Thank you for your time.

Q&A: Shell Trickery

Here’s a few questions from people regarding the shell that are just simple misconceptions about what it does or questions about small little concepts.

Finder Tracking Bash

My question is in regards to the Appendix Exercises. So I am operating on a MacBook Air, and for my Terminal, I am typing out my commands. I also have open my directories folder so when I am doing commands, I can see the effect of it. What confuses me is the cd ~ command. Let’s say I click on my documents and it takes me to a subfolder. I then go back to the Terminal application and when I type in cd ~ it doesn’t take me back to the home page. Does the cd ~ only operate theoretically?

The ~ is an alias for “wherever my home directory is”. Your terminal does this because your home could be in different places on different Operating Systems (OS). Try this:

cd ~

On a macOS computer, you’ll probably see something like:


Now if you’re on a Linux computer it’d be:


And on PowerShell it’d be even more different depending on the Windows version you use.

Also, I think maybe you expect that cd ~ in your Terminal would also change your Finder window? There isn’t that much of a connection between the two (although that’d be kind of awesome). It’s more that, when you make changes in a directory, they’ll show up in Finder. Doing a cd to a directory doesn’t change it though, so you don’t see that happen in finder as well.


I just wanted to tell you how much I appreciate your teaching method. It suits me perfectly.

I had purchased 2 books before yours and tried several online videos and websites Yours was the first time and place I felt I was actually leaning things from the ‘ground up’, Especially helpful was your Powershell crash course. Just beautiful.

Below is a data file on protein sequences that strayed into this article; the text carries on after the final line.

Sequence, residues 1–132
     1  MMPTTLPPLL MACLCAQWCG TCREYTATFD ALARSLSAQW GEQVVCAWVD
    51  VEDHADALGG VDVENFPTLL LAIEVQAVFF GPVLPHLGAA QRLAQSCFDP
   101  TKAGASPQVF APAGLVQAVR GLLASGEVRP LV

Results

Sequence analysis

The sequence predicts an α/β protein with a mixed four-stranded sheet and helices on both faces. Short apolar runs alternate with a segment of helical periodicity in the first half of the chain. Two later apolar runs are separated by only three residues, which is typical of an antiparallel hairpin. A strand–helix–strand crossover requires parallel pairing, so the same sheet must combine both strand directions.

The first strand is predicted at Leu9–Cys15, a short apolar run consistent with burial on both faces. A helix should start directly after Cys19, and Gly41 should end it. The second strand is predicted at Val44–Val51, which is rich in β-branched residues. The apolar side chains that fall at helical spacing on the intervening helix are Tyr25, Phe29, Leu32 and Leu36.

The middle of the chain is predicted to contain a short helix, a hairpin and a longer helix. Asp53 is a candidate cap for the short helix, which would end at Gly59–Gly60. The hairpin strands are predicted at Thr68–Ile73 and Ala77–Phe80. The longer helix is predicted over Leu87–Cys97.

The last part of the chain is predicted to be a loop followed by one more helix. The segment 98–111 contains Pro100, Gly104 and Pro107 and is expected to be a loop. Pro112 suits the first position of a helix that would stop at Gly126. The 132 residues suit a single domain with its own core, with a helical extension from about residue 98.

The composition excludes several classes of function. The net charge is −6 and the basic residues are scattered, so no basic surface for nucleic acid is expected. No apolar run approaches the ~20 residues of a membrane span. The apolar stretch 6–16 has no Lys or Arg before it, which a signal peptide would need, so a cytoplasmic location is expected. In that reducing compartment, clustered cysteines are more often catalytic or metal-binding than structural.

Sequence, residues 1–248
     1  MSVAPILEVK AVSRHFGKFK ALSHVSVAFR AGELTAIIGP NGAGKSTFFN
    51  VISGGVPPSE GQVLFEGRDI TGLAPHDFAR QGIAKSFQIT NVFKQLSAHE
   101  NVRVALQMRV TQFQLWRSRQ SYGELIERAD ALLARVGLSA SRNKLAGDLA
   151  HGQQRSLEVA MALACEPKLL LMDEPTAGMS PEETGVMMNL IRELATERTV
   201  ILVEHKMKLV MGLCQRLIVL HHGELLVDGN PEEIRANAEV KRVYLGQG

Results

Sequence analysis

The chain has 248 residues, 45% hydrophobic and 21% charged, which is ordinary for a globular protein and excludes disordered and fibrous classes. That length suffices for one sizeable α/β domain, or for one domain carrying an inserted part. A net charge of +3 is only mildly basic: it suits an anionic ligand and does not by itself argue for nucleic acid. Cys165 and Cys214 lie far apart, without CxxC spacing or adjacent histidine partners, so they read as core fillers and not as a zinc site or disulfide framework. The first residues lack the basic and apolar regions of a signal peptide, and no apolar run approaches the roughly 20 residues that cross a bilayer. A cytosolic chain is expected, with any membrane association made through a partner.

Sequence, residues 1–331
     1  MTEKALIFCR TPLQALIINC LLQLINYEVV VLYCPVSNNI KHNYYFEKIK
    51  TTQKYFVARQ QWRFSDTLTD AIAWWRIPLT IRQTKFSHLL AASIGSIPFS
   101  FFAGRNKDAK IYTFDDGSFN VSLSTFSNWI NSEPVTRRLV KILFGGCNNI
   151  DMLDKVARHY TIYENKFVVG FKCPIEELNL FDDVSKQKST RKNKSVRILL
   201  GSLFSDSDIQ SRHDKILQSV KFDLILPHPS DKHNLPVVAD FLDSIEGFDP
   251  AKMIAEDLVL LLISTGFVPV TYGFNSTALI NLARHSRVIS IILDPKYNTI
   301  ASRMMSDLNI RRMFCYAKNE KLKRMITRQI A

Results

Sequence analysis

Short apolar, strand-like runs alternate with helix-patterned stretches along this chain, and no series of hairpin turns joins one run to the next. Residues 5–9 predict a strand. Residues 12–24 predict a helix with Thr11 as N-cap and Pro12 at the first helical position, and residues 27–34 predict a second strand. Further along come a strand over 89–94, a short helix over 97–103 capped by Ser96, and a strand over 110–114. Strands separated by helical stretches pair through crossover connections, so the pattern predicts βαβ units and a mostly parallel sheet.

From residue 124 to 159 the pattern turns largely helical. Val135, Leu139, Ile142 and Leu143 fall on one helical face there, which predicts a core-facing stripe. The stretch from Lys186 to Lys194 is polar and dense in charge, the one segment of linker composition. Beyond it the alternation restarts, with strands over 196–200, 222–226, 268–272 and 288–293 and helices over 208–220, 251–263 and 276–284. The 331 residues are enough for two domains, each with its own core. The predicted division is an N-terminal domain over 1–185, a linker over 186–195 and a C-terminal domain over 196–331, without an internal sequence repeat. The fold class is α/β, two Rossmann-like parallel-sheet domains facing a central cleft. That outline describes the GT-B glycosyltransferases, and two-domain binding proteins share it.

I’m on Exercise 11 and just about to watch your video. But I wanted to tell you about trying escape sequence \a. At least on my computer, it makes a cascading chime sound when I insert it into a string and execute in Powershell. You probably already knew that. You’re so smart.

Thanks again for all the thinking you’ve obviously done on how to best teach programming.

Ahhhh, that’s called the “bell”. I guess in PowerShell it’s way more awesome than on Unix because with Unix it’s just an irritating “BEEP”.  I sometimes use that to tell me when a long running script has finished on a remote server.  I just have the script print out a large number of \a beeps at the end, and then when I hear the classic unix BEEP I know it’s done.

But, on my macOS machine I had to re-enable it to make the bell work.  I probably disabled it because the beep is annoying and the bash shell we all use loves to beep at you for everything.  Completing a file? BONK BONK BONK! Backspace one character too far?  BONK BONK BONK. To turn it on (or off, if you hate that like I do), you go to Preferences in Terminal, go to Advanced panel, and click “Audible bell” like I have here: